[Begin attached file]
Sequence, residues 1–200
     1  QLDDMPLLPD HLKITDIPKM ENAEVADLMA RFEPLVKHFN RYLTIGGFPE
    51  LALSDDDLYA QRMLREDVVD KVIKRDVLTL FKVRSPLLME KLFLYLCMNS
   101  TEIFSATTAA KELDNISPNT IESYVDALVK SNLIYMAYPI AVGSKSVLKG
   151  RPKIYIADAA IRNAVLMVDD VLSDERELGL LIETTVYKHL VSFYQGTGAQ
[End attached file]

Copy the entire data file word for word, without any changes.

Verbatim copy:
Sequence, residues 1–200
     1  QLDDMPLLPD HLKITDIPKM ENAEVADLMA RFEPLVKHFN RYLTIGGFPE
    51  LALSDDDLYA QRMLREDVVD KVIKRDVLTL FKVRSPLLME KLFLYLCMNS
   101  TEIFSATTAA KELDNISPNT IESYVDALVK SNLIYMAYPI AVGSKSVLKG
   151  RPKIYIADAA IRNAVLMVDD VLSDERELGL LIETTVYKHL VSFYQGTGAQ